Monday, April 18, 2005

Life, the Universe and the Boston Marathon

Today is the 109th running of the Boston Marathon. Boston is, well the state of Massachusetts in general, is the living breathing example of "the more things change, the more things resist to change." Just like death and taxes, Bostonians-new and old-can depend on the fact that every Patriots Day (which is usually either April 18 or 19 and always on a Monday) that there will be a marathon. The Boston Marathon is no jive turkey marathon. It is one of the elite races in the world of track and field. It truly attracts an international audience. Every year it can be depended on that Channel 5 will cover it and that Natalie Jacobson will be there covering it. The race will start in Hopkington, a town that no one even thinks about outside of the marathon and ends in Copley Square in Boston, somewhere near the CVS but definitely before the Burger King and Wendy's.

There were some differences this year. The most glaring difference was the absence of John Kelley, the elderstateman, now the patron saint of the Boston Marathon. He died last year at the age of 97. In 97 years, John Kelley saw the race become the elite event it is. He also saw the event evolve for a very white, male and moneyed event to an event that attracts people from countries like Kenya and Russia as well as attract the little guy and gal and those killer wheelchairs racers. In his last frail years they created the role of grand marshall for him. He was honored along the route, so the paper read. His face was stenciled at the starting point. At one point on the route the famous young/old Kelley greets the runners. John Kelley kept doing the marathon even though the one ones who kept winning were named Rodgers and Cherigat.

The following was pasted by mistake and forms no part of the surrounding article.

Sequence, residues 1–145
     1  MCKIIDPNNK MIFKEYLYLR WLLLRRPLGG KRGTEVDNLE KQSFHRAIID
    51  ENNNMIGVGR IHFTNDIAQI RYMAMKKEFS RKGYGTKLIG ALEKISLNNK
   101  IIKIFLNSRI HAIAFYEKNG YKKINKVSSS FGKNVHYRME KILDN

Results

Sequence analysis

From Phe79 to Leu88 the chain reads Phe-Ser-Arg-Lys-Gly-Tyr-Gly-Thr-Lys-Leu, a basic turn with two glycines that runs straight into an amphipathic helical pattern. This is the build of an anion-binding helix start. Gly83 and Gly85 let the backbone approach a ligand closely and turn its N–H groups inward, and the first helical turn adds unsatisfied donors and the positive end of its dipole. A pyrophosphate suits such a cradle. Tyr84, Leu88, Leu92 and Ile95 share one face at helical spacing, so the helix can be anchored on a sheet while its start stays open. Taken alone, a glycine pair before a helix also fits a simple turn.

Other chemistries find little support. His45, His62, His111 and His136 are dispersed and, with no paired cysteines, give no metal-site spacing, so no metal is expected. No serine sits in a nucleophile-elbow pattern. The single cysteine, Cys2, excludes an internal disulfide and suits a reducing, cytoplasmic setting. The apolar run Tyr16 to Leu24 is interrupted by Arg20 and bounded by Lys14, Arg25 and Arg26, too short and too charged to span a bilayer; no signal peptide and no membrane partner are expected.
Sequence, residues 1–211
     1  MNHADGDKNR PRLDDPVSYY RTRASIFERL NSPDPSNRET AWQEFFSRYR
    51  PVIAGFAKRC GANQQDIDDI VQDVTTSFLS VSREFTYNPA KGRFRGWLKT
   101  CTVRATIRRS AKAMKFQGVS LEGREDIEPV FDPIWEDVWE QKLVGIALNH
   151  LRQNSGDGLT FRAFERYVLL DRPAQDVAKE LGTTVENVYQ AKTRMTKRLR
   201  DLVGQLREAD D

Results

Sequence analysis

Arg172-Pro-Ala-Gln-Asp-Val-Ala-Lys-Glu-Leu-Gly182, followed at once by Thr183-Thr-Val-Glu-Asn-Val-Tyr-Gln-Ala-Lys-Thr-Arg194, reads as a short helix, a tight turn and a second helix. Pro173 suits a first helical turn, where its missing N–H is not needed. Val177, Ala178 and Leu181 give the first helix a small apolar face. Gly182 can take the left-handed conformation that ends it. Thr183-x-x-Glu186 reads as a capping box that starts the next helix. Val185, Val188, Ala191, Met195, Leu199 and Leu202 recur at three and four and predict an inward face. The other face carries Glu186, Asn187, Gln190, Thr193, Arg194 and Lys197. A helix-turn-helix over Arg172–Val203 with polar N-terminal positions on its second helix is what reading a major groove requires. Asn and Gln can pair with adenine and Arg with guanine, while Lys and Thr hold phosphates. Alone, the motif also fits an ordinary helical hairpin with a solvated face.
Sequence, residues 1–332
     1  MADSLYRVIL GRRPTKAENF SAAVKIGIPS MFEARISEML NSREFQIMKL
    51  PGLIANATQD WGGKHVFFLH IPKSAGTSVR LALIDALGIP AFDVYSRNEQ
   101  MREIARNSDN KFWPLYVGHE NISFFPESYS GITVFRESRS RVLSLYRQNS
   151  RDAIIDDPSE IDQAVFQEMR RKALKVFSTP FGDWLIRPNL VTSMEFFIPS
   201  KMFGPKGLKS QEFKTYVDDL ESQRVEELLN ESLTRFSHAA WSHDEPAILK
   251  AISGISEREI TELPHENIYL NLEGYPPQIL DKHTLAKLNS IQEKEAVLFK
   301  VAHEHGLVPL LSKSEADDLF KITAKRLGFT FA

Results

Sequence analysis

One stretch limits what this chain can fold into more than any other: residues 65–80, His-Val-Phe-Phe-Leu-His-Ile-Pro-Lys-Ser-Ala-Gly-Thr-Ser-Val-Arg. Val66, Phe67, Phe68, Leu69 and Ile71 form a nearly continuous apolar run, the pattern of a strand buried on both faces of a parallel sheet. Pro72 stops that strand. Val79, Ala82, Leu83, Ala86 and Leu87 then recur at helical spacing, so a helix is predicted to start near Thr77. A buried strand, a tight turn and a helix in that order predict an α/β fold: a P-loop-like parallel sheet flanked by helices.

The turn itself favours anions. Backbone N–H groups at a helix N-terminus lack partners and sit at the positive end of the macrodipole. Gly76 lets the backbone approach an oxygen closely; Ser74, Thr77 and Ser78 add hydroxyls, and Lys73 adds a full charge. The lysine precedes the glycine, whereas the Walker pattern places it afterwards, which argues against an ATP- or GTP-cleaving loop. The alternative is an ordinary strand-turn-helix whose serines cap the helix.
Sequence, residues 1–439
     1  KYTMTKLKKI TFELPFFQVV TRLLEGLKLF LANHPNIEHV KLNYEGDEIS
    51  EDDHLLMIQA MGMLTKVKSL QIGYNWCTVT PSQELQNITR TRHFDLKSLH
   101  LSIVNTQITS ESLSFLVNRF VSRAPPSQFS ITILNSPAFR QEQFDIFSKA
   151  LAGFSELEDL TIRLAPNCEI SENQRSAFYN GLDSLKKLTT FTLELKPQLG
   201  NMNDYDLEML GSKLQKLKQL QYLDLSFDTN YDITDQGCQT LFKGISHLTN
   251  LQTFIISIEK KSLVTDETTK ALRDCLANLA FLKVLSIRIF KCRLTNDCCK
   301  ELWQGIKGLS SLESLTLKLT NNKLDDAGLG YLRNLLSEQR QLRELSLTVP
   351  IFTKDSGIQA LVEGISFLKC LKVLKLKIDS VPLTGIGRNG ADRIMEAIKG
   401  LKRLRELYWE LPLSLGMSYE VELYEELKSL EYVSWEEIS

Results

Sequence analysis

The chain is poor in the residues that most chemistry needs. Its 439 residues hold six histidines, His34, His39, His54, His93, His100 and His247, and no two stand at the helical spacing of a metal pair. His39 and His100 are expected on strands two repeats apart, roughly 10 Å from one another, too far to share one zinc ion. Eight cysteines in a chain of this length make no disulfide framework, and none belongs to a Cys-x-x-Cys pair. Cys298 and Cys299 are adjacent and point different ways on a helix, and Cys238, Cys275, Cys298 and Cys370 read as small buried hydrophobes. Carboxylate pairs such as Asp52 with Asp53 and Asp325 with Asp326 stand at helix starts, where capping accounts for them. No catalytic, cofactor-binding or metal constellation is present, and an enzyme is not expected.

I think many people wish that they could conclude their lives at 97 years. I don't even know what that would look like for me. It seems hard to look into the future and to feel useful or rather that you have led a good and useful life.

The winner of the women's marathon (the scence of a continuation of a change instituted last year where the elite women start earlier than the men) is Catherine Ndereba. She and I are the same age. She made history in the event by winning it four times. As a Kenyan, she brought pride to her country. As a woman and an age mate she fulfilled the promise of every girl who was shooed away from sports.

I am a big enough sports fan to be sure. I also recognize that athletes are the ultimate goal setters. They strategize and they visualize. They can see the key to a position and figure out how to get there. At least the athletes that are not collecting a check. This is probably why things like the Olympics and the NCAA finals resonate because they evoke those memories of being a kid when you just wanted to play well. Of course you wanted to win but if you did not then you learned how to lose gracefully and how to work harder for the next go around.

Lots of people will have their opinion about the Catherine Ndereba win today. Some will say that it does not matter because she is a woman and they started earlier. Some will be a little unsettled because for yet another year no American-let alone a Bostonian has walked away with the top prize for men or for women. There may be some further unsettled because these people who are winning the prize come from "darkest Africa" and the money that Catherine would receive is definitely more than many Kenyans will ever see in many lifetimes. The Kenyans do it the old fashioned way. While a few of the elite have access to the facilities that their American, Asian and European competitors do, many do not. How could people from this "Third World" country consistently outperform their American competitors? Hard work and sacrifice of course. There will be those who will look at her and be reminded of how lucky we are and of how wonderful she is.

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